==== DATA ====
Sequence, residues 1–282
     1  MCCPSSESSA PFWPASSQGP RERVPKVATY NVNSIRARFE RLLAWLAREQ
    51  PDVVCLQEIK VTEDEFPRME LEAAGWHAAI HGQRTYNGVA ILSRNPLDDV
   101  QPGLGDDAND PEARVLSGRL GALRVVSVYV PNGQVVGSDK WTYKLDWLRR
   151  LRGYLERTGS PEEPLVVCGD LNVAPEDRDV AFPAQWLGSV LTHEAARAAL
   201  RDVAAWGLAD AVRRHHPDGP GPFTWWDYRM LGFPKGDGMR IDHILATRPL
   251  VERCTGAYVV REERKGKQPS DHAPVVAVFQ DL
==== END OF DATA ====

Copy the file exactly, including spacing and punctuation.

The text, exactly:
Sequence, residues 1–282
     1  MCCPSSESSA PFWPASSQGP RERVPKVATY NVNSIRARFE RLLAWLAREQ
    51  PDVVCLQEIK VTEDEFPRME LEAAGWHAAI HGQRTYNGVA ILSRNPLDDV
   101  QPGLGDDAND PEARVLSGRL GALRVVSVYV PNGQVVGSDK WTYKLDWLRR
   151  LRGYLERTGS PEEPLVVCGD LNVAPEDRDV AFPAQWLGSV LTHEAARAAL
   201  RDVAAWGLAD AVRRHHPDGP GPFTWWDYRM LGFPKGDGMR IDHILATRPL
   251  VERCTGAYVV REERKGKQPS DHAPVVAVFQ DL